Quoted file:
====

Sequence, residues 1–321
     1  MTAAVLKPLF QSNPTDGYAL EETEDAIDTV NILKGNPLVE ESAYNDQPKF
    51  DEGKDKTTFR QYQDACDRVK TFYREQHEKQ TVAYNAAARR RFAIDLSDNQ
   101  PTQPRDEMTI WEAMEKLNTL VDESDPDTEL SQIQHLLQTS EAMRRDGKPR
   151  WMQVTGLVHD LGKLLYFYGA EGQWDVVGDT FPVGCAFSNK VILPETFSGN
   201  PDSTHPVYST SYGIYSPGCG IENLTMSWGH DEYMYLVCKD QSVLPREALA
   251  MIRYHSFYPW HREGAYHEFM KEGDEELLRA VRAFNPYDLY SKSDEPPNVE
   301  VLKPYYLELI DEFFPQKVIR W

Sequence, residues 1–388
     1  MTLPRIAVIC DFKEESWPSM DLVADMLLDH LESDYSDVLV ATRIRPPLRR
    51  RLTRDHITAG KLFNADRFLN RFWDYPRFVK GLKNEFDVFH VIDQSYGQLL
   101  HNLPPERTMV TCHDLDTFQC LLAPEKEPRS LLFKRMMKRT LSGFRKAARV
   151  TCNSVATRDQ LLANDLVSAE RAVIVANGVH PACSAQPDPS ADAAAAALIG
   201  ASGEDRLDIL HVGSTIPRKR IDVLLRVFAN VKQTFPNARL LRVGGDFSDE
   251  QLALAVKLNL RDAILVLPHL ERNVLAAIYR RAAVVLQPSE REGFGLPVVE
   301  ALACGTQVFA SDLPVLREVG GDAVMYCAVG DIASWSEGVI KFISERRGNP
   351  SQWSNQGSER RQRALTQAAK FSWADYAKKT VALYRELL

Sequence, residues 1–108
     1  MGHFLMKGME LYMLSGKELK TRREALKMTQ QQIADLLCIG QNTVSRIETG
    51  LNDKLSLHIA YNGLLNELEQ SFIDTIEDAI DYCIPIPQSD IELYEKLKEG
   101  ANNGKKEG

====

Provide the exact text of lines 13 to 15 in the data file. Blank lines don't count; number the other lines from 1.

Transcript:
   151  TCNSVATRDQ LLANDLVSAE RAVIVANGVH PACSAQPDPS ADAAAAALIG
   201  ASGEDRLDIL HVGSTIPRKR IDVLLRVFAN VKQTFPNARL LRVGGDFSDE
   251  QLALAVKLNL RDAILVLPHL ERNVLAAIYR RAAVVLQPSE REGFGLPVVE